Time is running out for the iconic Victorian glasshouses in the National Botanic Gardens unless action is taken to restore them.
The Curvilinear Glasshouse Range in the National Botanic Gardens is under threat. Designed and built by Richard Turner in the 1840s, they are one of the architectural highlights of Dublin and the sister buildings of the glasshouses at Kew Gardens in London, and Belfast Botanic Gardens.
It was in glasshouses such as this that the Victorians recreated the moist, humid conditions of the world’s temperate zones.
The high temperatures and plentiful supplies of water which nourished the luxurious palm trees and other plants in the glasshouses also created perfect conditions for rust to form. Fast forward one hundred years, and the existence of this beautiful structure is in a precarious position.
Director of the Botanic Gardens Aidan Brady brings reporter Vincent Wall on a tour of the glasshouse. There is no escape from the decay, and there is even evidence that rust is coming from inside the iron supports. The Palm House was closed to the public this year for safety reasons.
The only thing that’s holding a lot of these bars together is the netted wire. That was originally placed there to support plants that were growing up on the pillar, but now it’s serving the purpose of holding the pillars together.
Artist Robert Ballagh feels that Richard Turner’s genius has been neglected by his native city.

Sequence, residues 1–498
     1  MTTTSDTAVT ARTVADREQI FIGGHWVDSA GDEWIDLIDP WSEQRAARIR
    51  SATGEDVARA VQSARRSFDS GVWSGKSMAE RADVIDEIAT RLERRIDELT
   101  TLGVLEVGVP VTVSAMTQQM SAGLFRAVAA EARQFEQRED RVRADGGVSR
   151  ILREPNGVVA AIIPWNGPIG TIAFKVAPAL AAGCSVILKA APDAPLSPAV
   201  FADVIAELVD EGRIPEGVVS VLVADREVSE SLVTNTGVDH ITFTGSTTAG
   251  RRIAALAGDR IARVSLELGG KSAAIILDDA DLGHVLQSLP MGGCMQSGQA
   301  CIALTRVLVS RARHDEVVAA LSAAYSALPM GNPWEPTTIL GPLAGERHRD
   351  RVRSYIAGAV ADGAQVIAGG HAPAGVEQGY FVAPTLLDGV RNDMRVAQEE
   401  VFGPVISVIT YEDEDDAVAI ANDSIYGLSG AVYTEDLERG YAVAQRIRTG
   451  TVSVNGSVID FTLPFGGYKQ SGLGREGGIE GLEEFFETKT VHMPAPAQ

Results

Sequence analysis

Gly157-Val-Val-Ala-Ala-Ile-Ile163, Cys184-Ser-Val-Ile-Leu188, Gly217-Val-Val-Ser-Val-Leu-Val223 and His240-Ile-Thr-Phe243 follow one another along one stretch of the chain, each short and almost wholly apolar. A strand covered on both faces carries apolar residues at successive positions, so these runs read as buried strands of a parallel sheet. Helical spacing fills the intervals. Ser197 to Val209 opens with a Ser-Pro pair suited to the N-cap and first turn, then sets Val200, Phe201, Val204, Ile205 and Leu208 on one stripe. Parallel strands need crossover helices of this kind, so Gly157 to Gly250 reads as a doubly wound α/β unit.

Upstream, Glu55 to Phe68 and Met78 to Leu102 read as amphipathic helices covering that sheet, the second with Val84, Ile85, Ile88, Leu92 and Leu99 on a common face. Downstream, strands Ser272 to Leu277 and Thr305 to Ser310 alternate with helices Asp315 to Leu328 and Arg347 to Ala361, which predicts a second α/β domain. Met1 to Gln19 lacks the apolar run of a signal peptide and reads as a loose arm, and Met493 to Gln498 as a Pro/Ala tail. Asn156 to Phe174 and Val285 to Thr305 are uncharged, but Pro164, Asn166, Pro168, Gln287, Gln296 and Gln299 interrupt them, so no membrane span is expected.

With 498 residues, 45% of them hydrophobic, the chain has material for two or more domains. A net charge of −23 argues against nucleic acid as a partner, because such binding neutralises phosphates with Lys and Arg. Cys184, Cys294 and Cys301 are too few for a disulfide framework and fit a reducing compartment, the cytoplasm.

We don’t have hundreds of buildings like this in Ireland, it is unique, and it is an extraordinarily elegant, relatively small building, and the detailing is extremely attractive...
Despite the fact that the Curvilinear Range has been honoured by appearing on a postage stamp, funds are not currently available from the Exchequer to enable the Office of Public Works to restore the building.
Is there an alternative? Aidan Brady is hopeful about funds from the National Lottery. Ballagh does not agree with the principle of National Lottery funding, but acknowledges that money must come from somewhere,
It’s absolutely essential that this very fine building is preserved for the nation.
This report for ‘Evening Extra’ was broadcast on 12 April 1988. The reporter is Vincent Wall.
'Evening Extra' was a nightly magazine programme which ran from Monday to Friday at 7 pm dealing with current issues and people in the news. The first episode was aired on Monday 13 October 1986 and it ran for 278 shows over 2 years until the final show on 29 April 1988. The programme had numerous presenters and reporters including Siobhan Cleary, Richard Crowley, Bibi Baskin, Aonghus McAnally and Shay Healy.